Crude oil prices have been on the rise, climbing above $71 on Thursday. The Organisation of Petroleum Exporting Countries’ projected increase in demand have raised hope of a better global fiscal performance after severe disruptions caused by COVID-19 that unsettled oil-dependent economies.

On Thursday, the price of Brent, against which Nigeria’s oil is priced, grew by 1.57 percent to open at $71.70 compared with $70.25 per barrel recorded the previous day. But despite the positive sentiments associated with rising oil price, it does not give room for much cheer for Nigeria. Analysts say Nigeria needs oil price at $103 per barrel to make any meaningful impact on its economy.

Here are five reasons Africa’s biggest oil-producing country should not celebrate the current bullish crude oil prices.

  1. Addiction to an opaque subsidy

Although the rising price of crude oil has raised Nigeria’s hope of effectively funding its 2021 budget, it is currently in a dilemma as the landing price of petrol continues to rise, further burdening the Nigerian National Petroleum Corporation (NNPC), which has continued to shoulder the subsidy payment. “The muddy subsidy scheme will erode any value-chain benefits for Nigeria’s economy,” Emeka Ucheaga, an analyst at EU Intelligence, told BusinessDay.

  1. Stagnating oil production

Despite rising Brent price, the diminishing pace of Nigeria’s oil fortune is threatening the economic health of Africa’s biggest economy as the country’s oil rigs hit the lowest in six years. Data obtained from Baker Hughes Incorporated and OPEC show Nigeria’s oil rigs, which depict the level of oil production activities by operators, have reduced to five as of April 2021, a sharp decline from a three-year high of 30 rigs count recorded in 2015.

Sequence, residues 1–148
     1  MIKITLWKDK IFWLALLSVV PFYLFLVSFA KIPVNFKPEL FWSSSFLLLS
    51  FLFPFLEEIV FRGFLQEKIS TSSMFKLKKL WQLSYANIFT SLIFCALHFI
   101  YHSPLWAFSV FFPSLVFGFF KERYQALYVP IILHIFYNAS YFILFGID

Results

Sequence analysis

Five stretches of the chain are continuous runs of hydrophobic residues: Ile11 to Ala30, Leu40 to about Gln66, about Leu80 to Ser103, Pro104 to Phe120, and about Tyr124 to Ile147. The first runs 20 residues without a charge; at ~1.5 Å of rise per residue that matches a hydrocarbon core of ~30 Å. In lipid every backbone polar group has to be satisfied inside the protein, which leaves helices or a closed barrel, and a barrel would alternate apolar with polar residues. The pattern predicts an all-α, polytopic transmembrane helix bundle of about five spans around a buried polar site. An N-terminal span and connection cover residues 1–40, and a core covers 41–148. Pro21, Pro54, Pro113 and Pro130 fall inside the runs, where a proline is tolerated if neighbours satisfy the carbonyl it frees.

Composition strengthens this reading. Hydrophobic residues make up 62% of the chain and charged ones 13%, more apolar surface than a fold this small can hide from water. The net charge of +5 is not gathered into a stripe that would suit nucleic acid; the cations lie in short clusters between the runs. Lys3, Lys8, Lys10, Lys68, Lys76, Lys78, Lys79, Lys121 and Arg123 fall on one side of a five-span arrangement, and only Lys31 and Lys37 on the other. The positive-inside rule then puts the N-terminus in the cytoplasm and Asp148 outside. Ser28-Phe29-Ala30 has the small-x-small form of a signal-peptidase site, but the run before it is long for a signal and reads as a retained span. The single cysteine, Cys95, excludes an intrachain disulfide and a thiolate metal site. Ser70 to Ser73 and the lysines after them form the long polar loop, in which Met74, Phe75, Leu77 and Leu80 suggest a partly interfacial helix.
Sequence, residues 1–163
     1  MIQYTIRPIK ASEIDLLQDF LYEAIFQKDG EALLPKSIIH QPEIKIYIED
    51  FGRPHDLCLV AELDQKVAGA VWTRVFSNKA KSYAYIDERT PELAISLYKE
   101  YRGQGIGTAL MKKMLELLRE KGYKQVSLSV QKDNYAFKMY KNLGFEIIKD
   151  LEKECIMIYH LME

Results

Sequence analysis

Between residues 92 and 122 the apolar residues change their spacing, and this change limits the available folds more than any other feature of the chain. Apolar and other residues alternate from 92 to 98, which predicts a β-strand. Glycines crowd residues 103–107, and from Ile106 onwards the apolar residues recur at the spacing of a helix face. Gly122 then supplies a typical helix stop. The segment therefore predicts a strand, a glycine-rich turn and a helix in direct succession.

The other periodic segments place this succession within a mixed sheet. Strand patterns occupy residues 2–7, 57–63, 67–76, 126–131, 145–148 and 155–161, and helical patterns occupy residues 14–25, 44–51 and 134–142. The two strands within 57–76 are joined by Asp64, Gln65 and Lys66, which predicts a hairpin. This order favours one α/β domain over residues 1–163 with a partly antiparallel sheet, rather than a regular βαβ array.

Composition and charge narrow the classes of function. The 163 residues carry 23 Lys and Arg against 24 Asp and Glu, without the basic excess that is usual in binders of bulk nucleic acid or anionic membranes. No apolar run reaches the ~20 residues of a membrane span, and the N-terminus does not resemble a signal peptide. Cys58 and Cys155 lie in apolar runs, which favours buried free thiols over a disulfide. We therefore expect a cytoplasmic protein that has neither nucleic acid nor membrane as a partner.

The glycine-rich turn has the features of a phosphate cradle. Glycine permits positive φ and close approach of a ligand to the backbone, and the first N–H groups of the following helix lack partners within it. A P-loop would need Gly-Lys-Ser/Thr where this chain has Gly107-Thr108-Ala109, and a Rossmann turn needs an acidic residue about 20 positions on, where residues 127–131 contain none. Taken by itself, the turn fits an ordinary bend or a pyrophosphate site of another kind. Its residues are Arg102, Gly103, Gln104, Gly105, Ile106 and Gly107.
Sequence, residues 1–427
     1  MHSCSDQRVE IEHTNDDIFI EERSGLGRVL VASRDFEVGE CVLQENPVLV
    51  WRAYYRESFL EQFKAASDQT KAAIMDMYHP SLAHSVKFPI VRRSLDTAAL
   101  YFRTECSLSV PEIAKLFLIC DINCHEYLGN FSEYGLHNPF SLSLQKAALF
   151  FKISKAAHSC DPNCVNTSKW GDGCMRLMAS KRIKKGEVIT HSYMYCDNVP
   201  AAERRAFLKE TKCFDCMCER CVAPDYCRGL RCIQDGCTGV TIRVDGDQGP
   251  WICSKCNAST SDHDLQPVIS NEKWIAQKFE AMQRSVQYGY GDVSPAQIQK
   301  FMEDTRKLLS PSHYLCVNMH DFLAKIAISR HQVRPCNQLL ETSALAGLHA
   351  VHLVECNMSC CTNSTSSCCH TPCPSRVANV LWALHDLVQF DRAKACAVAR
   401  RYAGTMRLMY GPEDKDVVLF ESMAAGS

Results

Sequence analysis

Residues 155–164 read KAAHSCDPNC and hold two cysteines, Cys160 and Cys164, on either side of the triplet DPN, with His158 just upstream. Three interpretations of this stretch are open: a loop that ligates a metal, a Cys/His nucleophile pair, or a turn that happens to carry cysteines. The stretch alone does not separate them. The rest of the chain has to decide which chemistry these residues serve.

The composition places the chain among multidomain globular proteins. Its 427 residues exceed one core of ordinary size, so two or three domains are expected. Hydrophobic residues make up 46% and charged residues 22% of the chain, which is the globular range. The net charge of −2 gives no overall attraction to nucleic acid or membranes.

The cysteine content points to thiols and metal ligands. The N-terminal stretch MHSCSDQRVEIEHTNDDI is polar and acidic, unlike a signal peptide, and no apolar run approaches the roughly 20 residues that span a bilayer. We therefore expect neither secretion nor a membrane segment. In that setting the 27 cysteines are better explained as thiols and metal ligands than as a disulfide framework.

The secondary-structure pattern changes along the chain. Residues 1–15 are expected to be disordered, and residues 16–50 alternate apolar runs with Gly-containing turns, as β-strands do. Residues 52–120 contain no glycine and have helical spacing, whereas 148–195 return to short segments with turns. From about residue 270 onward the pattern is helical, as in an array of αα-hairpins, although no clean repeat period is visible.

1. Higher fiscal breakeven

An analysis by BusinessDay reveals as of today, Nigeria’s economy can attain a fiscal break-even position only if oil prices climb as high as $103 per barrel. This was attained by incorporating the current official exchange rate at N380/$1, Federal Retained Oil Revenue to Gross Oil Revenue at 37 percent, Average Daily Production of 1.7 million barrels per day (OPEC quota), the current budgeted expenditure as well as budgeted non-oil + other revenue and unfunded revenue at N4.6 billion and N8.9 billion, respectively.

  1. A fast-rising population

For most economists, Nigeria remains “Exhibit A” of the so-called resource curse, particularly when you split its oil production across the population. Despite huge oil reserves, Nigeria has the 19th lowest production per capita among top 20 oil-producing countries; the country produces less than a barrel per 100 people. Only China produces lower due to its population of 1.4 billion people.

  1. Government’s profligacy

Other experts say another challenge obstructing Nigerians from reaping the full benefits of the oil boom is the increasing cost of governance, as most experts complained Nigeria’s civil service remains bloated and its lawmakers still rank among the world’s highest paid.

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